Research in Motion on Tuesday unveiled prototypes of the new BlackBerry phone hardware and software that it hopes will be its salvation, according to The New York Times.
Thorsten Heins, who took the CEO job in January, revealed features of the BlackBerry 10 operating system running on a prototype device at the company’s BlackBerry World conference in Orlando.
“Let me make be very, very clear with you. I’m here because I believe in the unique value that BlackBerry delivers to our customers,” Heins said.
The prototype smarphone, BlackBerry 10 Dev Alpha, features a 4.2-inch screen and the usual range of wireless and wired connectivity options, tells The Telegraph.
“I’m very, very confident we will be there later this year with an exciting product. Make no mistake, this is not the final device, this is not the final hardware,” Heins said.
“But it’s a very, very important milestone for us.”
RIM said that the prototype phones, which will allow developers to test the BlackBerry 10 applications they create, do not reflect the product that will ultimately be sold to consumers.
The prototype BlackBerry has a touchscreen, but no physical keyboard like most BlackBerry models, says CBS News. One of the new features is a modified touchscreen keypad that will allow users to select full words with a single key stroke.
The new operating system is widely seen as the last chance for RIM to recover from a series of strategic blunders including failing to respond to the threat from iOS and Android’s user-friendly interfaces, and the disastrous launch of the PlayBook tablet.
“The reason why we’re doing this – which is unprecedented for us, and it’s quite uncommon in the industry – is because we want to create a wave of application support behind the new BlackBerrys before we bring them to market,” Alec Saunders, the company’s vice president of developer relations, told The New York Times.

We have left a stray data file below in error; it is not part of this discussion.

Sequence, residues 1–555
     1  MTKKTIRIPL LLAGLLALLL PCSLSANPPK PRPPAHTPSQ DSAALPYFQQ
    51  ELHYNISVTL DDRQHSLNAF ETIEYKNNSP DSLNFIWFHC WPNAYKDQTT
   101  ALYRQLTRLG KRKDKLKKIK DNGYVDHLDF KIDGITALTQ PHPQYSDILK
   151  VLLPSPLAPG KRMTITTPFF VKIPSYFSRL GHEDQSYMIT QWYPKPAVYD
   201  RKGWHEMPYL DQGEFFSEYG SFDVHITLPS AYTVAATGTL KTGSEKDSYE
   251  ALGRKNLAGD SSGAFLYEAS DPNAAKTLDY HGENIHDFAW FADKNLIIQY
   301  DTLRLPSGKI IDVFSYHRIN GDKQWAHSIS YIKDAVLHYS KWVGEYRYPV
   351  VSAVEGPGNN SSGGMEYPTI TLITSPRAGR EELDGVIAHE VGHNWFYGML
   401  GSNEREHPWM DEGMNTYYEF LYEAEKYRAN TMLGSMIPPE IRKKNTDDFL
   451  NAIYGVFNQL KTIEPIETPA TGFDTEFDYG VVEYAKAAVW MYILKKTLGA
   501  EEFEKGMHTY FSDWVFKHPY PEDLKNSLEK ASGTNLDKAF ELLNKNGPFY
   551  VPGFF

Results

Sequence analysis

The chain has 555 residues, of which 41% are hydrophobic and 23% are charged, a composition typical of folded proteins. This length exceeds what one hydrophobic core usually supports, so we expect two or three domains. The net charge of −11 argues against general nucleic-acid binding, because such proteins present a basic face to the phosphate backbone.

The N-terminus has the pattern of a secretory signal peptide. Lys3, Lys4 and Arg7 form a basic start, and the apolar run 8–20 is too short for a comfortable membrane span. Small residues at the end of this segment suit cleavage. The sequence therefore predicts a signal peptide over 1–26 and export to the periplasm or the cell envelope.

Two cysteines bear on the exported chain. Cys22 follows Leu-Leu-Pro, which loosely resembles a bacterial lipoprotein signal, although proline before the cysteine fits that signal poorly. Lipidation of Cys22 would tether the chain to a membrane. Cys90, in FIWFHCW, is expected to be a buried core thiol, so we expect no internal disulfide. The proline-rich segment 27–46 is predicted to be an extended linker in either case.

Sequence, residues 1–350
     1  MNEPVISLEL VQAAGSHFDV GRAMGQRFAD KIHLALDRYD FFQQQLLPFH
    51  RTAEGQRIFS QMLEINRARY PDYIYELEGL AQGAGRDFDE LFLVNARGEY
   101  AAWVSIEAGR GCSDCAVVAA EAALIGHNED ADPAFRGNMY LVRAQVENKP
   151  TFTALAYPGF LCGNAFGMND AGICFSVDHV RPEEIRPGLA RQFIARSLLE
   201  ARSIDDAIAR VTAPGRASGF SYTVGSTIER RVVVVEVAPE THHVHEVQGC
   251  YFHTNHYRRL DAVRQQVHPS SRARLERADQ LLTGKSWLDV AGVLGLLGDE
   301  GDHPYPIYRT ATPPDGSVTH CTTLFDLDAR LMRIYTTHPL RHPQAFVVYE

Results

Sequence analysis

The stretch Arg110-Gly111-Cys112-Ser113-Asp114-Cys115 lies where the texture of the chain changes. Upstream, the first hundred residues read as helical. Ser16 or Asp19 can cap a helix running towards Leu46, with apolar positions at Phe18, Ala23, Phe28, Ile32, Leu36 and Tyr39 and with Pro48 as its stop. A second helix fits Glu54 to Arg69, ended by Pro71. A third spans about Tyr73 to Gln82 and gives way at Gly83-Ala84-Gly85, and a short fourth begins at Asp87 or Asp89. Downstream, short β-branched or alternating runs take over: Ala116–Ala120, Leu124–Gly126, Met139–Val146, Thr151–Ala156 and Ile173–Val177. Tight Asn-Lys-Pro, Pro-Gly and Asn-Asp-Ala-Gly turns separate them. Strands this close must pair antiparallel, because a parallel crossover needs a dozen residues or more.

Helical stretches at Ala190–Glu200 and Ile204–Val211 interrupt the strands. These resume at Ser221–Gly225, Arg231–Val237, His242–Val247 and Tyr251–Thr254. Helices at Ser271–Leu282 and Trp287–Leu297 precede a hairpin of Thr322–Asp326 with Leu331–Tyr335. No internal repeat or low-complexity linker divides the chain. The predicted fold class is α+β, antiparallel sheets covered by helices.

Analysts predict RIM’s future depends on the new BlackBerry 10 software platform, although many say it may be too late.
According to Reuters, Colin Gillis, an analyst at BGC Partners, said Heins’ presentation only served as a reminder of the tough road the company has ahead as it prepares for the make-or-break BlackBerry 10 launch.
The once iconic company has had difficulty competing with flashier, consumer-oriented phones such as Apple’s iPhone and models that run Google’s Android software.
Shares of the BlackBerry maker have dropped about 70 percent over the past 12 months. On Tuesday, RIM closed down 5.8 percent at C$13.31 in trading on the Toronto Stock Exchange.
“The bulls have disappeared from the scene as far as RIM is concerned,” said David Cockfield, managing director and portfolio manager at Northland Wealth Management. “There is no investor confidence in RIM at all. It will have to do something fairly spectacular to turn things around.”
Jefferies analyst Peter Misek said Heins gave a good speech in front of a bigger-than-expected crowd but said someone at RIM should have given the speech a year ago.
“I just get the feeling that I wish they had it out already. It’s going to be a challenge for them. When they launch BlackBerry 10 devices the iPhone 5, Windows 8 and all the Android devices will all be out,” Misek said. “It sure does feel like it’s getting close to being too late.”
The new BlackBerry software and hardware is due out in Autumn, but has already suffered delays. If it does deliver on its current schedule RIM is likely to come up against the iPhone 5, as well as smartphone operating system updates from Google and Microsoft.